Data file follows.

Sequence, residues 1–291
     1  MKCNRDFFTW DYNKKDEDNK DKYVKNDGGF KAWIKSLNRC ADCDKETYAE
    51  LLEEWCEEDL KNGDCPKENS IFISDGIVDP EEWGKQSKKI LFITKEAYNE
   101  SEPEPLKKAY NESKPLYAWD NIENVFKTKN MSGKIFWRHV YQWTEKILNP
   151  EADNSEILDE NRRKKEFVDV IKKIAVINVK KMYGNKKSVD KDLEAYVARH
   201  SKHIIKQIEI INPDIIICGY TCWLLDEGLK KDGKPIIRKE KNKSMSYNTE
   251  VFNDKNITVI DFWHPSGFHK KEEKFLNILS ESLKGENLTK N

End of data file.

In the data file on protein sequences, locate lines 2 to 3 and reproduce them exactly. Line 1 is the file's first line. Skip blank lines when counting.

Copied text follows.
     1  MKCNRDFFTW DYNKKDEDNK DKYVKNDGGF KAWIKSLNRC ADCDKETYAE
    51  LLEEWCEEDL KNGDCPKENS IFISDGIVDP EEWGKQSKKI LFITKEAYNE